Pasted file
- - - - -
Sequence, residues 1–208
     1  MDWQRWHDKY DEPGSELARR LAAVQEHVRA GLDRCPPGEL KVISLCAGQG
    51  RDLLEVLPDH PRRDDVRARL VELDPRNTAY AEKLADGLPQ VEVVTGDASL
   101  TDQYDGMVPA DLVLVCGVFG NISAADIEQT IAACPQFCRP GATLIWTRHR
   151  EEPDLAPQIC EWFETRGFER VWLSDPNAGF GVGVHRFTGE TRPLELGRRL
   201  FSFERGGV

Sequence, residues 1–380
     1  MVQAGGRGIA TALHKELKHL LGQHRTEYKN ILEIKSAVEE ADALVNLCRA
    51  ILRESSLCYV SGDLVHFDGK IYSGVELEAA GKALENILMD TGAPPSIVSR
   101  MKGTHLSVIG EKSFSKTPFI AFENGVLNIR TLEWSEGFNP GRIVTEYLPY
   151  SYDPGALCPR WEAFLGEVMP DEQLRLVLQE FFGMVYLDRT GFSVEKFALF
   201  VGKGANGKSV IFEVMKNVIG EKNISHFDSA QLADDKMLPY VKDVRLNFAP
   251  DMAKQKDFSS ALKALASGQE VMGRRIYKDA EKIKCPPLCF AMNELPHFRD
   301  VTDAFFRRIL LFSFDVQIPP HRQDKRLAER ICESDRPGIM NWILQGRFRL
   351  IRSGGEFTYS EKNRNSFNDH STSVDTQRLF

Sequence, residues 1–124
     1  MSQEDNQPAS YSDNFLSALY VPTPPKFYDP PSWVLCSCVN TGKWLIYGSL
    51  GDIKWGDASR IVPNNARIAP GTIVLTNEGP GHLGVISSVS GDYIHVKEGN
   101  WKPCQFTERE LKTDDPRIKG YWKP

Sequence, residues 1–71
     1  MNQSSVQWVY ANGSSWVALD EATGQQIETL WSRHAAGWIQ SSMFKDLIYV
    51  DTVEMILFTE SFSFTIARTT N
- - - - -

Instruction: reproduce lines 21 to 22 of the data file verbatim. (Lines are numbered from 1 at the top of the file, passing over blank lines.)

     1  MNQSSVQWVY ANGSSWVALD EATGQQIETL WSRHAAGWIQ SSMFKDLIYV
    51  DTVEMILFTE SFSFTIARTT N